Categories
Blog Conversations Gulag Gulag Town Company Town Soviet Era 1917-1991 Stalinism

Gulag Town, Company Town: A Blog Conversation

We are excited to be trying something new with the latest in our series of blog conversations. We are co-hosting this blog conversation in conjunction with the Second World Urbanity Project blog. You can follow part of the conversation here at Russian History Blog, but should see the rest of the conversation (and check out the project!) over at Second World Urbanity. (And don’t forget to follow Russian History Blog on Twitter (@RussHistBlog) or on Facebook.) Now on to our book:

Alan Barenberg, a past blog conversation participant here at RHB, has published a magnificent new work on the history of the Gulag and its legacy. Gulag Town, Company Town: Forced Labor and Its Legacy in Vorkuta (Yale University Press, 2014) takes us north of the Arctic Circle to one of the Soviet forced labor camp system’s most notorious locations. Through an in-depth study based on archival research in Moscow, Vorkuta, and Syktyvkar, Gulag Town shows that the Gulag was thoroughly enmeshed in the Soviet system. It is a meticulous ground-level study of Soviet life–the history of the coal-producing city of Vorkuta from its foundation as a Gulag town in the 1930s to its transition from Gulag town to company town after Stalin’s death. Alan shows the deep integration of the Gulag into the local community spatially, economically, and through its personnel, an integration that left lasting traces well into the post-Stalin era. As such, he has provided a concrete picture of the legacies of the Gulag in post-Stalinist and ultimately even post-Soviet history.

I am looking forward to this conversation and will add many of my other thoughts about the book as we go. For now, jump below the fold to see Russian History Blog’s participants in the conversation and don’t forget to check out what’s happening with the conversation over at Second World Urbanity. My thanks to Steve Harris for his willingness to consider this kind of joint venture.

Categories
Russian History in Popular Culture Soviet Era 1917-1991 Stalinism Teaching Russian History

The 1936 Guide Book of the Soviet Union

A few years ago Steve Barnes was visiting Hawaii to give a talk on his work on campus here at UH. He spent a bit of time at our Library, and came across an unusual find in our special collections, the American Express Travel Service’s 1936 Guide Book of the Soviet 1936 Guide BookUnion. It is included in the material we call The Social Movements Collection, which does contain a lot of Soviet material. American Express offered four different tours of the Soviet Union: “A Tour of Great Soviet Cities” that went from Leningrad to Moscow to Kiev, and then returned to the West via Warsaw; “The Crimea Tour” that went from Moscow to Kharkov to Sevastopol, Yalta, and Odessa; “The Volga River Tour” that left Moscow for Gorky, Kazan, Kuibishev, Saratov, Stalingrad, Rostov, and then a train to Kharkov, Kiev, and Warsaw; and “The Caucasus-Black Sea Tour” that took a train down the Volga to ultimately reach Ordzhonikidze, Tiflis, and then depart onto the Black Sea from Batum.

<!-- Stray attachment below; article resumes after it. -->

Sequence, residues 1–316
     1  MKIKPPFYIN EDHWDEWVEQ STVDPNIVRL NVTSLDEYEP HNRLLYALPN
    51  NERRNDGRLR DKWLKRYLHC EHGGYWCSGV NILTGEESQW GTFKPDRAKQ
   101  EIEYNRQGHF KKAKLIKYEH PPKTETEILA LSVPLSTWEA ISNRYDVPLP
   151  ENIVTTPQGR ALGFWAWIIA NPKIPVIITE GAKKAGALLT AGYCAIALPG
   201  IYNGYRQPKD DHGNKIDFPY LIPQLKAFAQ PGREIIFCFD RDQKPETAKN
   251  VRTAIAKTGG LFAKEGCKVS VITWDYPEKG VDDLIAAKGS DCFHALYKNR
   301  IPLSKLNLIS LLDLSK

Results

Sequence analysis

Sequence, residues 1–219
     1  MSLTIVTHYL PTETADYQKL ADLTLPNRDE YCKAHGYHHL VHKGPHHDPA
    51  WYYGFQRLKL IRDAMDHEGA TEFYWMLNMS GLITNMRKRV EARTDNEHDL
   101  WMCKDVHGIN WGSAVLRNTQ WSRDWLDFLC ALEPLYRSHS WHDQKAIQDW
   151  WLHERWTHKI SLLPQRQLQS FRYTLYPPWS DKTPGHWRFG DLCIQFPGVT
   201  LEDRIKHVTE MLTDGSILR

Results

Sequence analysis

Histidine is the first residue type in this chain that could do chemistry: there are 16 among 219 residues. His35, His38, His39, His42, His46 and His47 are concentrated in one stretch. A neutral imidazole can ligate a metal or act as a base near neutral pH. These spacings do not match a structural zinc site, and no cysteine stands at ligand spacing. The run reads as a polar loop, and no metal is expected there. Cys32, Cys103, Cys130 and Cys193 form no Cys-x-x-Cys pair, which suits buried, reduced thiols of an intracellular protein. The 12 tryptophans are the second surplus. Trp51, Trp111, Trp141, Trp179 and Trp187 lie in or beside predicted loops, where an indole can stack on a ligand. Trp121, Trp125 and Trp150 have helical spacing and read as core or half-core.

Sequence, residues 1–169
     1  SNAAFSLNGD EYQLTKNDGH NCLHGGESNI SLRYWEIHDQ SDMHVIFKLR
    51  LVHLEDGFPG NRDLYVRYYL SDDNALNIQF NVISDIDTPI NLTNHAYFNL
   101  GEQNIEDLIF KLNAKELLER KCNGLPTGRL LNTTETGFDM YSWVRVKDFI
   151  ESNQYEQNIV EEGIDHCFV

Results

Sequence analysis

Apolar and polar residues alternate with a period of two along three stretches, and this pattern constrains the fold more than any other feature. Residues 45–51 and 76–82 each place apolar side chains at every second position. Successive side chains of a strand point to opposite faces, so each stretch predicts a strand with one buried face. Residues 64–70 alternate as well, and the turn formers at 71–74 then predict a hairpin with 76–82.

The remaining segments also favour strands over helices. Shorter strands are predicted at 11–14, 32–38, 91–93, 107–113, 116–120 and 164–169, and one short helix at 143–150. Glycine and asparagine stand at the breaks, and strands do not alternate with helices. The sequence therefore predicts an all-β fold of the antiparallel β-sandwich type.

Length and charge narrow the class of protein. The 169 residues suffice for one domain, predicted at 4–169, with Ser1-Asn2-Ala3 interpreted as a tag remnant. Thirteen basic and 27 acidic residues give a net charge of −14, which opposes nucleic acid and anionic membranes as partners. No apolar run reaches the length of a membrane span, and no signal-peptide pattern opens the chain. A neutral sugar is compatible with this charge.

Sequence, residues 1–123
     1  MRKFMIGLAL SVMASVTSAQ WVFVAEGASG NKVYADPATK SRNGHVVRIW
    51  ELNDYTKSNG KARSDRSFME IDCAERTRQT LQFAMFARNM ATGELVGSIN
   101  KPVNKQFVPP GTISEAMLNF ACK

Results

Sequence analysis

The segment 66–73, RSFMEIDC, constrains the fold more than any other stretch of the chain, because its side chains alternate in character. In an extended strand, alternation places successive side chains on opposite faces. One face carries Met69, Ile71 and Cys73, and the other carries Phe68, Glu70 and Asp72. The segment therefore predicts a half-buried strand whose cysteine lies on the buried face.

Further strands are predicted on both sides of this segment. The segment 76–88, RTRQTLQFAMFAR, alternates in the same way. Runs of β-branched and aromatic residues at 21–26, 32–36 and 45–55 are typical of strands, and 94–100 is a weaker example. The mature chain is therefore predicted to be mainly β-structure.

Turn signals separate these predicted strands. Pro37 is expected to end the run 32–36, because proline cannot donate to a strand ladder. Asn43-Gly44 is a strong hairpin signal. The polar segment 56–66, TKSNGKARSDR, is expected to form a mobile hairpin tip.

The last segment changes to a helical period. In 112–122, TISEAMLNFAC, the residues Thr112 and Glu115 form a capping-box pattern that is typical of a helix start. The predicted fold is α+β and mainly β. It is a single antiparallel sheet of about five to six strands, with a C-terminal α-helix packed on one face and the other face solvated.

Categories
Blog Conversations Historiography Myth, Memory, Trauma Nostalgia and Memory Russian Literature Soviet Era 1917-1991 Soviet Intelligentsia Stalinism

Myth, Memory, Trauma: A Blog Conversation

For this edition of Russian History Blog’s “Blog Conversations,” we have gathered a distinguished group of scholars to discuss Polly Jones’s new book, Myth, Memory, Trauma: Rethinking the Stalinist Past in the Soviet Union, 1953-1970 (Yale University Press, 2013). Having devoted our blog to a discussion of The Stalin Cult two years ago, it seems only fitting that we discuss Soviet attempts to cope with that cult and other difficult aspects of the Stalinist past in the first two decades after the dictator’s death.

Generally, we have thought of this “thaw” primarily through through the lenses of Khrushchev’s “secret speech” at the 20th Party Congress in 1956, the removal of Stalin’s body from the mausoleum after 1961’s 22nd Party Congress, the publication of Aleksandr Solzhenitsyn’s One Day in the Life of Ivan Denisovich and a few other notable works in the journal Novyi mir, only to have the “thaw” undone by Khrushchev’s ouster in favor of Leonid Brezhnev in 1964. Jones draws on a wide array of sources and intellectual approaches to paint a more complex and more interesting picture of Soviet approaches to the Stalinist past during and even after the Khrushchev years.

Categories
Soviet Era 1917-1991 Stalinism Teaching Russian History Uncategorized

“Under the beneficent rays of Soviet national policy…”

I spent some time this past week preparing for my fall class on the Soviet Union.  Each time I’ve taught it here at Hawai’i, I’ve made use of an unique resource at our Library, the “Social Movements Collection,” which is a large group of pamphlets and books that had been collected by Eugene Bechtold, a bookseller and former instructor at the Chicago Workers’ School.  While much of the collection relates to American Communism, anarchism, and peace movements, it also contains a rich source of material on the Soviet Union.